Next, the preferable configuration of the antenna 32 used in the present invention is described below.

Specifically, the antenna 32 used in the present invention is basically a bar antenna, and it is preferable that either the L value of the antenna be 1600 mH or less or that the resistance of the antenna coil be 1 kΩ or less, and further it is desirable that the number of antenna coil turns be 1000 or greater.

A preferable specific example of an antenna structure in the present invention is described in detail below.

Specifically, FIG. 9 is a schematic plan view showing a specific example of an antenna 32 of the present invention, this drawing showing an antenna 32 capable of receiving a radio signal and disposed within a time piece, configured minimally by a side part 44 and a caseback part 41 that are both made of metal.

In the above-noted example of the past, in the case of disposing an antenna within a metal exterior parts having metal sides or a metal cover, because a resonance phenomenon by virtue of the antenna (change of magnetic flux to electrical power to magnetic power, and so forth) is hindered by the metal exterior parts, specifically because the magnetic force generated by the resonance phenomenon is attracted into the metal part wherein eddy currents are caused, the result is that almost all of the magnetic force is consumed (because of iron losses), so that there is a great reduction in the gain and Q value of the antenna, this representing a problem for the implementation of a radio controlled time piece, an antenna being inside a metal exterior parts.

Although in a general, an antenna when the number of coil turns is increased, the gain improves, it is understood that when a certain number of turns is reached coil resistance (copper loss) becomes large, and the gain is attenuated.

Specifically, because the output of the antenna is made up of the output in accordance with Faraday's Law and the output due to the phenomenon of resonance in the antenna, when an antenna is placed in a metal exterior parts, because the Q value significantly decreases, the gain also greatly decreases.

Stated differently, in the usual situation in which an antenna is not in the vicinity of a metal object, almost the entire gain obtained from the antenna is due to the above-noted resonance phenomenon, the coil resistance (copper loss) of the antenna coil is increased, it hinders the resonance phenomenon resulting in a reduction in the gain (Q value), making it impossible to use an extremely increased number of coil turns or to make the coil wire thin.

In contrast, in the case in which an antenna is placed inside a metal exterior parts, because the influence of iron losses (the metal exterior parts) is great, there is a great reduction in the Q value and also a great reduction in gain.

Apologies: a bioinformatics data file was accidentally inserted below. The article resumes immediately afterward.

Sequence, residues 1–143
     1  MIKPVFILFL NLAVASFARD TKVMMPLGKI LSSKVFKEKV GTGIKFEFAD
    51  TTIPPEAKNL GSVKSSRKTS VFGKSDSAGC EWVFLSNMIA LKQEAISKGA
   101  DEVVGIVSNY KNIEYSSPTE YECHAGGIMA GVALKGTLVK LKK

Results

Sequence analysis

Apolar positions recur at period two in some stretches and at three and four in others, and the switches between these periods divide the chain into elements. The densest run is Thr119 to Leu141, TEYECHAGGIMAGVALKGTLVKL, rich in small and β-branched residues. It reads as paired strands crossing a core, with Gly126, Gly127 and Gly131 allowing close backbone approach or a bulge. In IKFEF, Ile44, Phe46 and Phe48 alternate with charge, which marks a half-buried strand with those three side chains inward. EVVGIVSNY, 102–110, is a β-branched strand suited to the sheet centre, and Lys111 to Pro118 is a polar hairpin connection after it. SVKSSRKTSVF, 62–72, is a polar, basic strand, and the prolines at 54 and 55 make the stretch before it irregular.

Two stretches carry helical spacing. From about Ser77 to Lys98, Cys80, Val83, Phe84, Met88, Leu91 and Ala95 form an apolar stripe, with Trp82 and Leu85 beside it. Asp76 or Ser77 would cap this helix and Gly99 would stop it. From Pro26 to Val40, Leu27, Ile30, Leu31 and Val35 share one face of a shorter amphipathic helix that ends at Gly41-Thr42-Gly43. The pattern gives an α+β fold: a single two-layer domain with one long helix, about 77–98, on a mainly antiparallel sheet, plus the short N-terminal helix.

For this reason, the inventors of the present invention did an investigation of a method for improving the gain of an antenna, on the presumption that it is not possible to avoid a reduction in the Q value when an antenna is placed inside a metal exterior parts.

Specifically, as a result of efforts to determine, in the present invention, in the case in which an antenna is placed inside a metal exterior parts, how it is possible to maximize the gain obtained, not by increase in the gain by the Q value (resonance) as in the past, but rather by Faraday's Law.

To verify the above-noted technical concept, the inventor first performed an experiment to measure the relationship between the L value (mH) and the gain (dB) of a prescribed antenna as shown in FIG. 10.

Specifically, in FIG. 10, in the condition in which a prescribed antenna is not inserted into a metal exterior parts, the relationship between the L value and the gain (dB) when receiving a 77.5 kHz radio signal was graphed at A and, with an antenna of the same construction but inserted into a metal exterior parts 31, the relationship between the L value and the gain (dB) when receiving a 77.5-kHz radio signal was graphed at B.

In this experiment, the coil was wound onto a conventional straight core using a known method, and the L value change was adjusted by changing the number of coil turns and changing the coil resistance.

As can be understood from FIG. 10, it was discovered that, in an antenna that is not placed in a metal exterior parts, although the gain increases with an increase in the L value, when the L value exceeds 10 mH there is gradual saturation, however with an antenna inserted into a metal exterior parts the above-noted saturation phenomenon does not occur, and there is a linear increase in gain in proportion to the increase in the L value.

That is, the above-noted experimental results indicate that, while in the case of placing an antenna into a metal exterior parts there is a prominent drop in gain accompanying the resonance phenomenon, there is only a very small attenuation level relative to the gain due to Faraday's Law.

The inventors came to the judgment after additional investigation that, from the results shown in FIG. 10, with an antenna 32 used in the metal exterior parts, because there is a linear increase in gain with an increase in the L value, it is desirable that the number of turns of the coil and the L value be made large.

When the number of coil turns in made large, however, because the capacity of the antenna itself increases, there is a limit imposed with regard to the resonant point of the antenna, this inevitably establishing an upper limit.

Given the above, the inventors made the judgment that, taking the capacitance of the antenna coil to be normally approximately 10 pF and because the lowest frequency used is 40 kHz, making the calculation of the L value of the antenna 32 from the equation f= π √LC as 1584 to 1600 mH, it is desirable that the L value be 1600 mH or smaller.